The Daily ReTORt

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Monday, March 21, 2011

It's safe to say that I'm hooked....

I used to think that I was a fairly balanced person overall, but it’s clear that I continue to exhibit a certain pattern of behavior that is clearly out of balance in most people’s minds. 

That being the fact that I’m a marathon and half-marathon junkie….

Yesterday, I completed my fifth full marathon – this one was the 39th Annual Virginia Beach Shamrock race.  Here are a few pictures that my wife took of my daughters and I after that event – I’ll post official photos from the race organizers as they become available over the next few days.

While I didn’t set any land speed records, I managed to finish the 26.2 distance in 4 hours and 34 minutes.  That marked a personal best for me and netted out to 5.75 miles per hour or an average 10:45 per mile pace.

I understand that those numbers might not mean much to anyone, but my slowest marathon took 6 hours and 20 minutes – so this race was a major improvement. 

Statistically speaking, fewer than three percent of Americans will run or train for a marathon – and there’s good reason for that – namely, a marathon is controlled, self-induced trauma and pain to your body.  That’s reason enough to avoid distance running altogether.

It’s funny, when people find out that I run marathons they try to psycho-analyze what exactly it is I’m metaphorically “running away from or trying to escape” – but they’re underlying premise is incorrect.  I think I’m actually striving or running toward something. 

I find the challenge of training - coupled with the accomplishment of actually finishing the race – combine for an incredible experience that’s invigorating, affirming and worthy of repeating.  For me, preparing and training for a marathon requires a commitment of time and energy that I pay for mentally and physically, yet the ultimate sense of accomplishment that accompanies crossing a marathon’s finish line is difficult to describe.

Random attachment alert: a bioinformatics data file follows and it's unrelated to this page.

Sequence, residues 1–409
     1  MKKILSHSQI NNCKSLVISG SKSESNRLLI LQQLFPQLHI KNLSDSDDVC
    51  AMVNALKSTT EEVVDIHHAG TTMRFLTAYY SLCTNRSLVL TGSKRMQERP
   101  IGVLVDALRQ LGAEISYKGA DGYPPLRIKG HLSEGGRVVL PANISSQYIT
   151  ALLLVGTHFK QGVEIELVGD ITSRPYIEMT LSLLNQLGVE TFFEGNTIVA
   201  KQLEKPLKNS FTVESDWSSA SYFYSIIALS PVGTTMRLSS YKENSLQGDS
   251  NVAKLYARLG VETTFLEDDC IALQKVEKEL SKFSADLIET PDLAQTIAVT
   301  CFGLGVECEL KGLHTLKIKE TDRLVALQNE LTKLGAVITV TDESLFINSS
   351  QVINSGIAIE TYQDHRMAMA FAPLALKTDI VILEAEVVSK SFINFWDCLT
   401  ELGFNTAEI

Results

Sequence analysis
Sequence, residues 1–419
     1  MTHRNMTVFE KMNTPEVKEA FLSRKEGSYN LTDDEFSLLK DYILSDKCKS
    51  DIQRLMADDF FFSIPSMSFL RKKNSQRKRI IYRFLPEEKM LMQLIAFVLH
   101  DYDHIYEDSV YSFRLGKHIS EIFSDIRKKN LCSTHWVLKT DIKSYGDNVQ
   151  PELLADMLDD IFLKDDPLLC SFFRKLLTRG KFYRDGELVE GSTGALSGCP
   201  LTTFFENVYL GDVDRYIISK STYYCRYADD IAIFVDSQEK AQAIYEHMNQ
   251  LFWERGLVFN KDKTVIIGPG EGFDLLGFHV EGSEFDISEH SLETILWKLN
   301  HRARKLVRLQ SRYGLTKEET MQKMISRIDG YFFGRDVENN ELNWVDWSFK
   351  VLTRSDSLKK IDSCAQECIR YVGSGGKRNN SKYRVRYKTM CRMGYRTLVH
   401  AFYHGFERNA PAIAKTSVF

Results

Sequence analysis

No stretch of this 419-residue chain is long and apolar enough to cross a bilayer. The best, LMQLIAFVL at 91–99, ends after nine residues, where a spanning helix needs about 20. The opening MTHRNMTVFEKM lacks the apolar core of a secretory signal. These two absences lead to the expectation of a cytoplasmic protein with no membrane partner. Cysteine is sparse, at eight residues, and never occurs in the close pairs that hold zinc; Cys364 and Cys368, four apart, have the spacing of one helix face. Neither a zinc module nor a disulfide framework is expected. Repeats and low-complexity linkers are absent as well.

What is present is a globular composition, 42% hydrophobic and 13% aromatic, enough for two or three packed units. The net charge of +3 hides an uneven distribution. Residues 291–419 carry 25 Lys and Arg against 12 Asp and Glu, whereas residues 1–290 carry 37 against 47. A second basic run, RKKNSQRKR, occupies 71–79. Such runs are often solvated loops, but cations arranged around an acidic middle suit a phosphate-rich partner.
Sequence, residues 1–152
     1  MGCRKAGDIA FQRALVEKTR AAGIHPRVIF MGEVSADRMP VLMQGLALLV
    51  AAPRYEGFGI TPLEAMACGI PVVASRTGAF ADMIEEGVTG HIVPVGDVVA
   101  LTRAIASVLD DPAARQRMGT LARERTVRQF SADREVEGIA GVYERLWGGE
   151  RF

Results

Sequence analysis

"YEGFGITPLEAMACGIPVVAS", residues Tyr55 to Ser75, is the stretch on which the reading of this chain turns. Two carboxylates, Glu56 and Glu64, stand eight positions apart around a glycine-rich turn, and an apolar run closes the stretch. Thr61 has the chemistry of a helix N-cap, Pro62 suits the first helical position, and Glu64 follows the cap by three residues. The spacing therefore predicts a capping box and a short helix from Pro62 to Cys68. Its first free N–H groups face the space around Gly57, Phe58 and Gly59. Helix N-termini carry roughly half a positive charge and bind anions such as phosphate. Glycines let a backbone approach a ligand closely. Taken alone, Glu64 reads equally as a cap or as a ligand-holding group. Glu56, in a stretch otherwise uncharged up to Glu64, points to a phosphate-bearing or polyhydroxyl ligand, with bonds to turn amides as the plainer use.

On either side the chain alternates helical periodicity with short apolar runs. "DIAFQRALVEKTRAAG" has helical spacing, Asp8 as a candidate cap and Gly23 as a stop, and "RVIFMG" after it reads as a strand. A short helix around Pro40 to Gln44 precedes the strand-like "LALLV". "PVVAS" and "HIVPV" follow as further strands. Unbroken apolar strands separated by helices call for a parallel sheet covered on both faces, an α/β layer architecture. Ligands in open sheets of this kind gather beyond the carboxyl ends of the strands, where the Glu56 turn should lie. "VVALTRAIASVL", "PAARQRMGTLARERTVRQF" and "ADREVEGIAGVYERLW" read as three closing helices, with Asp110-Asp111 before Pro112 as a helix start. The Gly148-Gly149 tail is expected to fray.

But I can say that during the race itself, and its ultimate completion, there can be a profound assignment of meaning to the preparation, time and pain that was previously invested.  By that I mean, the hours of training and every resulting joint ache or blister have an enhanced significance, which implies that the race could NOT be finished unless each of the aforementioned hardships were endured and overcome.  That’s similar to virtually every great activity or undertaking in life.

Personally, that’s what makes each training program, marathon and culminating success gratifying while simultaneously whetting my appetite and interest for more.  Additionally, marathon training helps an individual take a longer view toward a given race situation while sharpening a sense of perseverance and patience. These life lesson extend well beyond a race course, and it’s my ultimate goal is to instill those insights into our two girls.

Who knows, perhaps we may become a marathon-running family some day? But we’ll take it one step at a time together – literally and figuratively – fully recognizing that “we need to walk before we run.”


  1. Congratulations! I will be running my 1st 15k at Mendon Ponds (Spring Forward) in less than 2 weeks and the Flower City 1/2 (also a first!) on May 1st. Love reading your blog - you are truly an inspiration! I agree, I don't feel as if I'm running away from anything but for once running towards a healthier and more fit ME!

  2. @Tina, That's fantastic to hear! Please let me know how you do in both races, I'm genuinely interested to know! Good luck and thanks for posting the comment!

  3. sadly, i will never be a junkie of running...

  4. Wow! Congrats on another well run marathon! There aren't too many people who can say they've even run one ... you have 5 under your belt - simply amazing!

  5. Congratulations! I love running but a marathon is out of my league. Happy running!

  6. @MK, looking forward to seeing you and the family later today. Since you don't foresee yourself as a "running junkie" what's been your preferred activity to keep your weight off? Just curious....

  7. @IT, thanks for the support and encouraging comments. I think the first one was the most difficult - but each one has special place blister on my, um...I mean place in my heart ;-)

  8. @Luana, I used to think that the farthest I could run was 2-3 miles. However, after reading a couple of running books and meeting a friend who encouraged me to try - a marathon became at least feasible before it became a reality. I highly recommend any runner visit - it offers free tips and training schedules for any level of runner. Thanks for the feedback!